Doric String Quartet brings masterful playing to Dallas

Tue Feb 11, 2020 at 2:20 pm
By Richard Sylvester Oliver
The Doric String Quartet performed Monday night at SMU, presented by the Dallas Chamber Music Society. Photo: George Garnier

The Doric String Quartet presented a sublime display of chamber music principles in a night of masterful playing and artful interpretation Monday night at Southern Methodist University. Presented by the Dallas Chamber Music Society, the program featured quartets by Haydn, Britten, and Jean Sibelius and the Doric members delivered expressive yet technically precise performances.

Haydn’s Quartet in E-flat Major, Op. 33, no. 2, opened the program at Caruth Auditorium. The work was nicknamed “The Joke” for its teasing finale, where the listener is made to think the piece is over when it really isn’t. The Doric Quartet’s sound here was appropriately lean and light, with fluid and expansive phrasing in the opening Allegro. Where many quartets push forward momentum into heavy-handedness, this troupe managed a delicate exchange between the voices that was nimble and energized.

First violinist Alex Redington gave a buoyant touch to the rhythmic themes of the second movement. The comedic finale of the fourth movement was handled expertly and with just the right amount of wit.

Britten’s Quartet No. 3, his last completed work, is a paradox of form, structure, and traditional chamber textures set over five movements. The work was given an extra layer of authenticity and care with violist Hélène Clément playing on the composer’s own instrument. It opened with a mesmerizing shifting of focus. John Myerscough’s cello was affectionately dark against the dissonant bite of the rest of the ensemble in his execution of the recurring descending motive that characterizes this movement.

Redington’s high, wrenching solo in the third movement was performed with a brilliant tone and seamless legato. The effect here, with sparse accompaniment from the other three instruments, was austere and mysterious, performed with astute musicality and perfect balance.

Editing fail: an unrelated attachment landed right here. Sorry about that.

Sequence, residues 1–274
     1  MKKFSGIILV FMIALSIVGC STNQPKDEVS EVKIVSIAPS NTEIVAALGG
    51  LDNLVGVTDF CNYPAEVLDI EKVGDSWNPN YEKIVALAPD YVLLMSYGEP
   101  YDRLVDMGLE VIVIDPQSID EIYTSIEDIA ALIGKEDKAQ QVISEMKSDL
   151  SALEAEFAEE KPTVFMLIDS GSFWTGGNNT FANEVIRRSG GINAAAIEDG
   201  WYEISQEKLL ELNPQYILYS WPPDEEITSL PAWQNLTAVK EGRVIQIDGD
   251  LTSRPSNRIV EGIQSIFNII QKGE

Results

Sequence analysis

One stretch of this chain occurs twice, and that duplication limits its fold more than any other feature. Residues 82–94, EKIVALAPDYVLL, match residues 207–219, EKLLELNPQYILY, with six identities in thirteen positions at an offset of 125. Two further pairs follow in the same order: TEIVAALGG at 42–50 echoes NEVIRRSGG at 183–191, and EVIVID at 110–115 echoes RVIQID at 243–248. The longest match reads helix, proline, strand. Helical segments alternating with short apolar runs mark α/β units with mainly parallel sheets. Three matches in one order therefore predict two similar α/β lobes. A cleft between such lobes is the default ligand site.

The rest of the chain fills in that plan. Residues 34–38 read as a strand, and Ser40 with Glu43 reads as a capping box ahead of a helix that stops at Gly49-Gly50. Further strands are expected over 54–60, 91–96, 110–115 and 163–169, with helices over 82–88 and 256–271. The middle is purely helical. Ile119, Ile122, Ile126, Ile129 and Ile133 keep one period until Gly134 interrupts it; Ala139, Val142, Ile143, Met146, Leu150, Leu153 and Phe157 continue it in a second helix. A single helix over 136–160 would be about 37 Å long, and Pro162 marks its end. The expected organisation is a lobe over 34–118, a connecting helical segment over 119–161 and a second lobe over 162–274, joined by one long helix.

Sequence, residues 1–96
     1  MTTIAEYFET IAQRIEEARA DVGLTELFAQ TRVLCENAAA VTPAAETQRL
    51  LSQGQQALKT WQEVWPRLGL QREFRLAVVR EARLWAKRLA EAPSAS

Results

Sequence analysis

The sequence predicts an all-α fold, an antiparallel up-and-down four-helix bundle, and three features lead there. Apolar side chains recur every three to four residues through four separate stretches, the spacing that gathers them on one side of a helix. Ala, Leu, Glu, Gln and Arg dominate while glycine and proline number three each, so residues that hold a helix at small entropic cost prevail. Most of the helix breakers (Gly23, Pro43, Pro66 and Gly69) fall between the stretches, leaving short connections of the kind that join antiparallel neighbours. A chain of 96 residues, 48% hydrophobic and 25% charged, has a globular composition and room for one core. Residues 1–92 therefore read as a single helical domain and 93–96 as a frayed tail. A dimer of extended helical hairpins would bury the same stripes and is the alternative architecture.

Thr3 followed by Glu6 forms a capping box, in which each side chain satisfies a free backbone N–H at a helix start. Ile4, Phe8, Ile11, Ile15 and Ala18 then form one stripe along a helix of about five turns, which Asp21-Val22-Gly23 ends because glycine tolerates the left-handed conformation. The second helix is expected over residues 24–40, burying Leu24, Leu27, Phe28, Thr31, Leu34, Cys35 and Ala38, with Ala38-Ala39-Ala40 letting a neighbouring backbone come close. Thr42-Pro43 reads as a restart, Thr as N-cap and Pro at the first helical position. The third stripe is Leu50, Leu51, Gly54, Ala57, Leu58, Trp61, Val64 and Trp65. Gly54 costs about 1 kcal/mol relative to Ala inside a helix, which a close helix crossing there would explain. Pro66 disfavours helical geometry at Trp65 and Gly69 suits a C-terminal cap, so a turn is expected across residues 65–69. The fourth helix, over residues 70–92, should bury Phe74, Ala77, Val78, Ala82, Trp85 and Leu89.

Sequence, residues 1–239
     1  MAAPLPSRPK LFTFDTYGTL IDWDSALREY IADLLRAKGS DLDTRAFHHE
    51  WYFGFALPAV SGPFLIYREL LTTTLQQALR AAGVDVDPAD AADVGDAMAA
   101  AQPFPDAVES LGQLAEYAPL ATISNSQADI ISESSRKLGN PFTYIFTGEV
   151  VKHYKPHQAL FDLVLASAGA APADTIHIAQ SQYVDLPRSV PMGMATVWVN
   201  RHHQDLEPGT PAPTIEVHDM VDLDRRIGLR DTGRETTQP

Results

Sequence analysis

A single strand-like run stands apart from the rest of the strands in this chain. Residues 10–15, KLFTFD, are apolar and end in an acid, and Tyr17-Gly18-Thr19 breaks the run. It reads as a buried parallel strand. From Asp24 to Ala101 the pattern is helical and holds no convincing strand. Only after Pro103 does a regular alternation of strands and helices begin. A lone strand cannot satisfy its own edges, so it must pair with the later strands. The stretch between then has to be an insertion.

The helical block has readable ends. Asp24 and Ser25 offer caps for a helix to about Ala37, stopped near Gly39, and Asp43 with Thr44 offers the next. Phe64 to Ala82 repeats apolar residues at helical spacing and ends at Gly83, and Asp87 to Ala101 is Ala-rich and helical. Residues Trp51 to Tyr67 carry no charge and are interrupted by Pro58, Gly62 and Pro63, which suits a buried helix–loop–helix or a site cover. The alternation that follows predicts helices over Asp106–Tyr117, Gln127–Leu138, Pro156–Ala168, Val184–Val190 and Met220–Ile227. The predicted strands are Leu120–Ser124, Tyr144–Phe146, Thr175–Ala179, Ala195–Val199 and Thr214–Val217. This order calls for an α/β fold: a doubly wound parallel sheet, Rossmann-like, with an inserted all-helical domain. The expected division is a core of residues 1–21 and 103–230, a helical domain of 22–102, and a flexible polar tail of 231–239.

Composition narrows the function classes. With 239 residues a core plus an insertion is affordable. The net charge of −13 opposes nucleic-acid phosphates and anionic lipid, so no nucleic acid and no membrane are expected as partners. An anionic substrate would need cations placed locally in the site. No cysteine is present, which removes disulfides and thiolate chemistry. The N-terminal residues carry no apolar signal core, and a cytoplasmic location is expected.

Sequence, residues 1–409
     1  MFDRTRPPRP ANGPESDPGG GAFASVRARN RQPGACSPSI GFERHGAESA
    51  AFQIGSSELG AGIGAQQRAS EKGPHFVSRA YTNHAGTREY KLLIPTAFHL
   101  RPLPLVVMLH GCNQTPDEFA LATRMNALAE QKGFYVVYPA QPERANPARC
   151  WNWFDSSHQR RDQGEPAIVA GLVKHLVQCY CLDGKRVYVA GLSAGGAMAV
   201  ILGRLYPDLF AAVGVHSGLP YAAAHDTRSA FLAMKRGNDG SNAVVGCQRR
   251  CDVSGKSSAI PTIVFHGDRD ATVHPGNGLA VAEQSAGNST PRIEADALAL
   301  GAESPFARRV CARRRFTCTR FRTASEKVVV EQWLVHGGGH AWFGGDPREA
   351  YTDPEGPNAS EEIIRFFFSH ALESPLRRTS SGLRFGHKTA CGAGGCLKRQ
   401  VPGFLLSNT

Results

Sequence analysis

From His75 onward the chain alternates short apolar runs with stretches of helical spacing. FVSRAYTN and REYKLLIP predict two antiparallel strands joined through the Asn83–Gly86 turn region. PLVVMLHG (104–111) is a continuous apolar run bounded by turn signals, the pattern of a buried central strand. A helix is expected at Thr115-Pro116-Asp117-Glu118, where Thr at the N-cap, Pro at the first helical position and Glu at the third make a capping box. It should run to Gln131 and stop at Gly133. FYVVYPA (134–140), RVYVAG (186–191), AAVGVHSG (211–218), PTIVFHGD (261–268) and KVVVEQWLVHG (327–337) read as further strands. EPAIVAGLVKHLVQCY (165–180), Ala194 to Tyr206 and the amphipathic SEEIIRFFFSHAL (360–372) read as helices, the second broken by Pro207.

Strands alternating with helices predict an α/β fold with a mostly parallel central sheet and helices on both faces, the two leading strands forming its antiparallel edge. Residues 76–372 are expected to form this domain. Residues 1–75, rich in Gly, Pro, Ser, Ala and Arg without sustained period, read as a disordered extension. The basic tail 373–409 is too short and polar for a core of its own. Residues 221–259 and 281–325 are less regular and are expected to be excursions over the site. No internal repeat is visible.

That music was juxtaposed nicely against the startlingly quick Burlesque and the haunting slow finale, “La Serenissima,” which instructs the violist to play on the wrong side of the bridge. The quartet culminates in a rather plaintive mood. Here, however, the Quartet provided appropriate heft while still conveying the nuances of Britten’s score with a presence that was clear and resonant.

The second half of the program was devoted entirely to Sibelius’ Quartet in D minor “Voces intimae”. Opening with an exchange between the violin and cello on a somber melody, the piece very quickly establishes an introspective mood. Here, again, the ensemble was still appropriately rich and full-bodied while managing to capture the hushed depth of the score. The players’  lines were clean and elegant as they spun out the elongated swathes of step-wise motion in the main theme.

Equally supple and precise in execution, the second movement was marked by a brilliant vivace with scurrying themes. The central slow movement is the quartet’s emotional center and the source of its name (over three muted chords, the composer wrote “voces intimae” in his manuscript). The troupe sensitively conveyed the composer’s characteristic silvery gleam over the lush, romantic lines of the movement before moving into the final Allegro. Their driving momentum and robust fortes provided an energizing finish that punctuated an exceptionally fine evening of music-making.

The Dallas Chamber Music Society will present the Jerusalem String Quartet 7:30 p.m. March 23 in SMU’s Caruth Auditorium.

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